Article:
By the way, there are those who are born with disabilities–mild to severe. Even so, those individuals have an obligation to keep their bodies in the best condition possible–or if they are unable to do so themselves, it is up to us to assist. Everyone has a role to play in God’s creation…and only by being healthy and strong (in its many forms and to the best of our abilities) can we do that well.
It’s not the body image we are told to project on TV, in magazines and in movies that is ultimately our concern. Our focus should be on maintaining and strengthening our bodies so that we act justly, love mercy and walk humbly with our God [Micah].
These words are a paraphrase of remarks made by Franklin Delano Roosevelt at his first presidential inauguration. Those were difficult times, recovering from the Great Depression and with a World War looming on the horizon. One could argue that back then there was a lot to actually fear.
Aside from how our anxieties affect us at work, school and in relationships, I regularly see how fear plays an outsized role in the realm of physical fitness.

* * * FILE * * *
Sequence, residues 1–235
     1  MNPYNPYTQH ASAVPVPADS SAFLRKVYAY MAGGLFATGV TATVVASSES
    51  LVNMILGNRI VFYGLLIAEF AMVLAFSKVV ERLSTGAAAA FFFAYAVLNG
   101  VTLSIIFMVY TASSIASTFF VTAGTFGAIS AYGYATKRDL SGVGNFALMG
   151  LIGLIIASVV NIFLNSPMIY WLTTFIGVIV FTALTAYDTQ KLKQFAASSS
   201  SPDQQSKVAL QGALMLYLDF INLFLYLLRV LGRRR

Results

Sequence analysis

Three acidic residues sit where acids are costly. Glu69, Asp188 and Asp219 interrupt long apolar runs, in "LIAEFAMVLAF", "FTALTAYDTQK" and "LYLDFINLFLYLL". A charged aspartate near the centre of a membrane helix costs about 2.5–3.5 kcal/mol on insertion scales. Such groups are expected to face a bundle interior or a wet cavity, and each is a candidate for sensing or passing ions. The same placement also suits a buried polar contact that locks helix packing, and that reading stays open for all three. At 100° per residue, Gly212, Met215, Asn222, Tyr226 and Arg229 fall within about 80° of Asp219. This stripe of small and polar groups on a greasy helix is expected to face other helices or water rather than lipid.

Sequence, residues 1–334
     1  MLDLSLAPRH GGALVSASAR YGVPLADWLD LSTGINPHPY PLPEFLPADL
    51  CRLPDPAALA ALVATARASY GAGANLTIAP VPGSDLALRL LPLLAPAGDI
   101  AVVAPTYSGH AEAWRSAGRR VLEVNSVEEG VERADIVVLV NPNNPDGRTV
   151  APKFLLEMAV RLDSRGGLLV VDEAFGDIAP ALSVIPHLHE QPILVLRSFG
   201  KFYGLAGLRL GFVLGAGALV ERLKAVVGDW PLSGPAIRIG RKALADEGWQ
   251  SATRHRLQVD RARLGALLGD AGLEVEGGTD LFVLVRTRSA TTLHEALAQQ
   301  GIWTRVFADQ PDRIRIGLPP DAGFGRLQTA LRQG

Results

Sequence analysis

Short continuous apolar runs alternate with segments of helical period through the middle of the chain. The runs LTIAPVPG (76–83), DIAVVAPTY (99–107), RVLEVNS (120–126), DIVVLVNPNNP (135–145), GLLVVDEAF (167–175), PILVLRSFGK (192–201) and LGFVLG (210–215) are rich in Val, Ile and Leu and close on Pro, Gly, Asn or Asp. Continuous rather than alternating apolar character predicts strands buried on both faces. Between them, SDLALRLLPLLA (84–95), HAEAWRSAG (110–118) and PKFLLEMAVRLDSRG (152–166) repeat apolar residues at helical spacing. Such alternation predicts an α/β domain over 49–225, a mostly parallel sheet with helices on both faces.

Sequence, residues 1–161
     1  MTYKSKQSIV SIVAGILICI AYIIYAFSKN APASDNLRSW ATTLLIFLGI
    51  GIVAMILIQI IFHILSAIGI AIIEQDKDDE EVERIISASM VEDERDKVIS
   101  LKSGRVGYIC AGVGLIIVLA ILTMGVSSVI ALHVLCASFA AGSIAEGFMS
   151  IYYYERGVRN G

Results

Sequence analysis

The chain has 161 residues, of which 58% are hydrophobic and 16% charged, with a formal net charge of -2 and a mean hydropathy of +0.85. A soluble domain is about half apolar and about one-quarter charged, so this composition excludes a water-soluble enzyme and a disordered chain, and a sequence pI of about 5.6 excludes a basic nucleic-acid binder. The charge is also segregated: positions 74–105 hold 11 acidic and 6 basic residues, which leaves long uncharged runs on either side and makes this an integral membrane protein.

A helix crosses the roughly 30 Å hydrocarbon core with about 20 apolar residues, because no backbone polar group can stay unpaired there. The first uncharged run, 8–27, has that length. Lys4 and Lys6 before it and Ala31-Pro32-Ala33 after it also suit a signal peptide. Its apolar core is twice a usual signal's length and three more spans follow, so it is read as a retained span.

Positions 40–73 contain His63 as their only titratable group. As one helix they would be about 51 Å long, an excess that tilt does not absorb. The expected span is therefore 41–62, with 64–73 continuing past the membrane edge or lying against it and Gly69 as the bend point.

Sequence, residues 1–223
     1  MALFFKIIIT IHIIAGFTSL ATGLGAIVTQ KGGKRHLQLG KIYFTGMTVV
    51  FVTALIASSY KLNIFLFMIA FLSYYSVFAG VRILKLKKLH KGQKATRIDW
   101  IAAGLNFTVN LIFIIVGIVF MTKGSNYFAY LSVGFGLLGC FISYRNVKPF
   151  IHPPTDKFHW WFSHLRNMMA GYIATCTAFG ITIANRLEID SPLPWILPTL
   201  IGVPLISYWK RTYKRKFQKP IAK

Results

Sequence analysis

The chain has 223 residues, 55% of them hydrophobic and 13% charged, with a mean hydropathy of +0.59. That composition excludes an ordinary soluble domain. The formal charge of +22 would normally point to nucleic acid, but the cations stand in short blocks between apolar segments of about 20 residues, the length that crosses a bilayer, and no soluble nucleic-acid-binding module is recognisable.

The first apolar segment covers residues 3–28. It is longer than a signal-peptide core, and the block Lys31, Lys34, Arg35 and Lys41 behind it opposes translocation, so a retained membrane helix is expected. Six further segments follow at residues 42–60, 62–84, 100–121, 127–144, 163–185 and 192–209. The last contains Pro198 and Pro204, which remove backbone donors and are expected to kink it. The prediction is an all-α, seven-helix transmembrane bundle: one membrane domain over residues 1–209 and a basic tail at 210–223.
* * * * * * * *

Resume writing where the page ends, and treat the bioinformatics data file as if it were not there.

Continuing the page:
I have worked with many clients with a variety of fears: fear of doing a certain exercise, fear of entering in a 5K, fear of looking foolish in the gym, fear of disappointing their trainer, etc. This can often be paralyzing. It can prevent us from engaging in the fitness activities that can help us to avoid the kinds of injuries and illnesses that we should legitimately fear.
I know that every time I have competed in a race (obstacle course, 1/2 marathon or triathlon), my overwhelming emotion beforehand is fear. I am afraid that I won’t finish the race, or that I might hurt myself, or that I will do so poorly that I will be a disappointment to myself or others. It is irrational since none of these have ever happened, but still it occurs.
As someone who has dealt with anxiety and even panic attacks, I know that this fear can prevent us from living a life of adventure, fulfillment and even love. There comes a time, though, when we have to take an informed and prepared leap of faith. I wouldn’t say that a person should conquer their fear of running a 5K by waking up one morning to do one; it requires preparation and training. The process of getting ready can help give us the confidence to overcome our anxieties.
We should be aware of the crippling role that fear can play in our lives. We must remind ourselves of how strong and courageous and deserving of good things we are. We must also work hard to reach our goals. Accept the fear. Stare it down…and then set it aside. The only thing we have to fear…is truly fear itself.